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Think of T.J. Demos’s The Migrant Image as a field guide to art for those interested in the politics of human rights, globalization, migration, and war. Demos finds “reinvented possibilities” in contemporary artists’ treatment of the migrant — the iconic figure of our era. The book is as much contemporary politics and history as it is art history: in order to interpret these works, he touches upon apartheid, America’s extra-constitutional prisons, and the occupation of Palestine.
Demos uses Agamben’s theory of “bare life” — those “stripped of political identity and exposed to the state’s unmediated application of power” — as a focal point. The figures that interest Demos are not global gallerists and starchitects, but the nomad, the exile, the displaced, the occupied. The subtitle of the book is “The Art and Politics of Documentary during Global Crisis”: through the creative uses of documentary, viewers engage with “bare life,” and in the process think critically about their own positions.
Demos identifies a troubling situation in which today’s migrants are seen by neoliberals as “the useful and adaptable worker” and by humanitarians as subjects of “paternalistic interventionism.” The works that interest him carve out a space beyond this binary — they don’t tell us what to think. Demos examines the Otolith Group’s “Nervus Rerum” (2008), a work that plays off the conventions of the documentary. The half-hour long film takes a steadicam through narrow streets of the Jenin camp in the West Bank, accompanied by texts from Fernando Pessoa and Jean Genet. Started by Palestinian refugees of the Arab-Israeli war of 1948, the camp’s occupants today are mostly descendants of those original settlers. Yet, the film does not provide historical or contemporary context; instead, its goal is to “eliminate possible avenues of identification between viewers and the film’s subjects”; the film’s images generate questions, not an authoritative account.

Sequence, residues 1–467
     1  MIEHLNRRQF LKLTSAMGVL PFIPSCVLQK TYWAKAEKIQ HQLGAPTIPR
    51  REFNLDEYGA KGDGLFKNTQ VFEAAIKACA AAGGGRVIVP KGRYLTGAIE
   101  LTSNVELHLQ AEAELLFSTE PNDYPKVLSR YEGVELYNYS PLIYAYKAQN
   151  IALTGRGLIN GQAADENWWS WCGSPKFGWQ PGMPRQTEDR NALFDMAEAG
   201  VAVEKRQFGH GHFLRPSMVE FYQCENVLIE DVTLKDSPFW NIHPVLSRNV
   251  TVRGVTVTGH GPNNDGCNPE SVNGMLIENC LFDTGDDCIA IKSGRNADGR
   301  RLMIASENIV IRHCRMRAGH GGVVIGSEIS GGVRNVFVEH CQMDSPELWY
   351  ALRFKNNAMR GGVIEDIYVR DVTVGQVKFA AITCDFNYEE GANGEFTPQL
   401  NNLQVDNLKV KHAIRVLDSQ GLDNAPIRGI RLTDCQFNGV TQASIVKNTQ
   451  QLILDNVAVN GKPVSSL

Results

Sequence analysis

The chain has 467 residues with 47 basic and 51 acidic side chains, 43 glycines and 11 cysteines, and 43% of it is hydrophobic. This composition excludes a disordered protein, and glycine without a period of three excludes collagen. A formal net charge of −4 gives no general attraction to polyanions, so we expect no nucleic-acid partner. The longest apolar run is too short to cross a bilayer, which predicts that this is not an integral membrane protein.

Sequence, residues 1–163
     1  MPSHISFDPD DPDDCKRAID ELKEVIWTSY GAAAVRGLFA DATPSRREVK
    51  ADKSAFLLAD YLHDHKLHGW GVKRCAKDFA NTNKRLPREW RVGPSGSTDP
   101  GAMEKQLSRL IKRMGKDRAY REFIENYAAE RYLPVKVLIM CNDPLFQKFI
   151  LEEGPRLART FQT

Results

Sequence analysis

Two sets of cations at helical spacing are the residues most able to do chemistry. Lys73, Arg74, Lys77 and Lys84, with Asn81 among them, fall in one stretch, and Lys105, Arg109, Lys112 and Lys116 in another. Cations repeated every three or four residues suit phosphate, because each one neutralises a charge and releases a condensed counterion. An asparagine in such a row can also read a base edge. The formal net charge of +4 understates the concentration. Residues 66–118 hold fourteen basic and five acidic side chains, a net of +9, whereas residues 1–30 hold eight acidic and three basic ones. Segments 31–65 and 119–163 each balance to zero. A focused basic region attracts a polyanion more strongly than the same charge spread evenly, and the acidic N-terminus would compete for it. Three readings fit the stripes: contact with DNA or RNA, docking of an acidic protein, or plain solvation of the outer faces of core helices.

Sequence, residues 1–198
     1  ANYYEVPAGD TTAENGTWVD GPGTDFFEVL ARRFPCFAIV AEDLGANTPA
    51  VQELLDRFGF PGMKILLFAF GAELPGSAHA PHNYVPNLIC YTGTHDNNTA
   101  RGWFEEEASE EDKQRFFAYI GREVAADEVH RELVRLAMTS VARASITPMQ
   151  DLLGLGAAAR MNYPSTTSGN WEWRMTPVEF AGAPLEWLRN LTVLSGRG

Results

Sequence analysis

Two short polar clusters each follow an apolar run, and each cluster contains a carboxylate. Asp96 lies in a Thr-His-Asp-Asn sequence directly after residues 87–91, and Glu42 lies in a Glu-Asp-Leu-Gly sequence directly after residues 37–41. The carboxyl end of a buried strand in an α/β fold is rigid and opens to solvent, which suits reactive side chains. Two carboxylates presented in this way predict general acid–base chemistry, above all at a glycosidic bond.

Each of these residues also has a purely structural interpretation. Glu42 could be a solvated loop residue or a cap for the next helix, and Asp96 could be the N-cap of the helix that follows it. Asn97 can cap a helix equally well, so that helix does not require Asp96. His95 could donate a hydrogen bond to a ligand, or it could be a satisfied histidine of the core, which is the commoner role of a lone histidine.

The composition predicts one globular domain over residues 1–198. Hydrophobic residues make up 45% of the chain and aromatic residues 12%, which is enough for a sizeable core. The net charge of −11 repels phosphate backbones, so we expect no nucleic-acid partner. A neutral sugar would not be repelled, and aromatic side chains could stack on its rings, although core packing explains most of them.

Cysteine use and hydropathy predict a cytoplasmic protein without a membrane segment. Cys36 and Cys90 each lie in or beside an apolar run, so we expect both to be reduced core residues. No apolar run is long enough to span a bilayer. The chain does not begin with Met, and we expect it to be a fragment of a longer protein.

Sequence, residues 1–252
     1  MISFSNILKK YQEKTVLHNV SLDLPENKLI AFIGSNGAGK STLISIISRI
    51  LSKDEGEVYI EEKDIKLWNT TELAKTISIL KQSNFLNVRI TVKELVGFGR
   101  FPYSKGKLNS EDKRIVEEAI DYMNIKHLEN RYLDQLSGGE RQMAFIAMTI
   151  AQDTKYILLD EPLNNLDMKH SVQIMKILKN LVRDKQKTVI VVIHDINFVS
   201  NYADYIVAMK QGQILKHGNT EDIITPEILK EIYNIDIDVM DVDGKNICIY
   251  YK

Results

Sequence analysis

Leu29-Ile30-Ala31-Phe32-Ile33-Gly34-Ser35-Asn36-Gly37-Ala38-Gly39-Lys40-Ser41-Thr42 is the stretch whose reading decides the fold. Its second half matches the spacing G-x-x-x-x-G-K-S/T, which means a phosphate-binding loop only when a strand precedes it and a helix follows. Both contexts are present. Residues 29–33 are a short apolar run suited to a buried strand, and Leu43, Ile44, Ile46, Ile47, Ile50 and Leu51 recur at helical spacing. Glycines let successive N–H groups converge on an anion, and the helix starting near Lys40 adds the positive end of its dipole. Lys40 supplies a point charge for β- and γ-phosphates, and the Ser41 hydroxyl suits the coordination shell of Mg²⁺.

Similar ambiguities are at work in the other projects Demos highlights. Steve McQueen’s “Western Deep” (2002) brings us into a South African mine, but tells us nothing of the mining industry or the bizarre medical tests we witness. Through disorienting cuts and sounds, we are left with more questions than answers, but a powerful simulation of descending into the mine with the workers. In “Where We Come From” (2001–03), Emily Jacir invites Palestinians, limited to certain areas because of Israeli travel restrictions, to ask her to perform tasks in areas they cannot visit. Jacir focuses attention away from the cycle of Israeli-Palestinian violence towards the pragmatic — her tasks included paying bills and playing soccer with children. These small gestures serve to “focus on the absences that Jacir’s service cannot fill,” raising the larger question of these Palestinians’ limited mobility and freedom.